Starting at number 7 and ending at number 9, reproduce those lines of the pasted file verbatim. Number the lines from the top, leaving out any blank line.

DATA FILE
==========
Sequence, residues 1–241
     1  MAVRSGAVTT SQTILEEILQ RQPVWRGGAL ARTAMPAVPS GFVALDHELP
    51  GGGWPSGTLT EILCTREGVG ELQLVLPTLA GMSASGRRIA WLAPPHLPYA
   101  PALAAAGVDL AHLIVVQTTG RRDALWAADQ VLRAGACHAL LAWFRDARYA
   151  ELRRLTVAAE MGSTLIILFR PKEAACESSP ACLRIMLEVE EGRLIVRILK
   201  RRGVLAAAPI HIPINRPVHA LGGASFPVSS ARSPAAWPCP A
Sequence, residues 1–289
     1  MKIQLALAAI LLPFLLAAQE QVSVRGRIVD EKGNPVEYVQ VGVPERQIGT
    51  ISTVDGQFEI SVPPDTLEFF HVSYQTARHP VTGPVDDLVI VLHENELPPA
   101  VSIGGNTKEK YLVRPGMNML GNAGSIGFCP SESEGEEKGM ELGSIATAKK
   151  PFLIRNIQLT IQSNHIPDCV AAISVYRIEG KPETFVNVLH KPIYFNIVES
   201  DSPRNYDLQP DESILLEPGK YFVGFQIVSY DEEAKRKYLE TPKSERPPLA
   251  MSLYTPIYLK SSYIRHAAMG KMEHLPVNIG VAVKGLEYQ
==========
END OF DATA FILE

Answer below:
Sequence, residues 1–289
     1  MKIQLALAAI LLPFLLAAQE QVSVRGRIVD EKGNPVEYVQ VGVPERQIGT
    51  ISTVDGQFEI SVPPDTLEFF HVSYQTARHP VTGPVDDLVI VLHENELPPA